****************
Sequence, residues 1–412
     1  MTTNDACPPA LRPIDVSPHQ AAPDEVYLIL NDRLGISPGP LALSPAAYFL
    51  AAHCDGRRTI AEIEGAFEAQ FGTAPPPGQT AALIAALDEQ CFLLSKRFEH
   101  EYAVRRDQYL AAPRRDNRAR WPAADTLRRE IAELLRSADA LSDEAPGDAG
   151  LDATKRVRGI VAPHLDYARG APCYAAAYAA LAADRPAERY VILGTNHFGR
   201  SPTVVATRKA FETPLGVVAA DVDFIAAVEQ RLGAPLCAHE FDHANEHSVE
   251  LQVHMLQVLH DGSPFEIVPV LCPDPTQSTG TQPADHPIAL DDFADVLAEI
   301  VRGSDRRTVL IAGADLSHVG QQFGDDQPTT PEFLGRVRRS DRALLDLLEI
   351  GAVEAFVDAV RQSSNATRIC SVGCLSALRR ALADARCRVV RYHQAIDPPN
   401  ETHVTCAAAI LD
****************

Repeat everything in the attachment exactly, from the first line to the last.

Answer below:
Sequence, residues 1–412
     1  MTTNDACPPA LRPIDVSPHQ AAPDEVYLIL NDRLGISPGP LALSPAAYFL
    51  AAHCDGRRTI AEIEGAFEAQ FGTAPPPGQT AALIAALDEQ CFLLSKRFEH
   101  EYAVRRDQYL AAPRRDNRAR WPAADTLRRE IAELLRSADA LSDEAPGDAG
   151  LDATKRVRGI VAPHLDYARG APCYAAAYAA LAADRPAERY VILGTNHFGR
   201  SPTVVATRKA FETPLGVVAA DVDFIAAVEQ RLGAPLCAHE FDHANEHSVE
   251  LQVHMLQVLH DGSPFEIVPV LCPDPTQSTG TQPADHPIAL DDFADVLAEI
   301  VRGSDRRTVL IAGADLSHVG QQFGDDQPTT PEFLGRVRRS DRALLDLLEI
   351  GAVEAFVDAV RQSSNATRIC SVGCLSALRR ALADARCRVV RYHQAIDPPN
   401  ETHVTCAAAI LD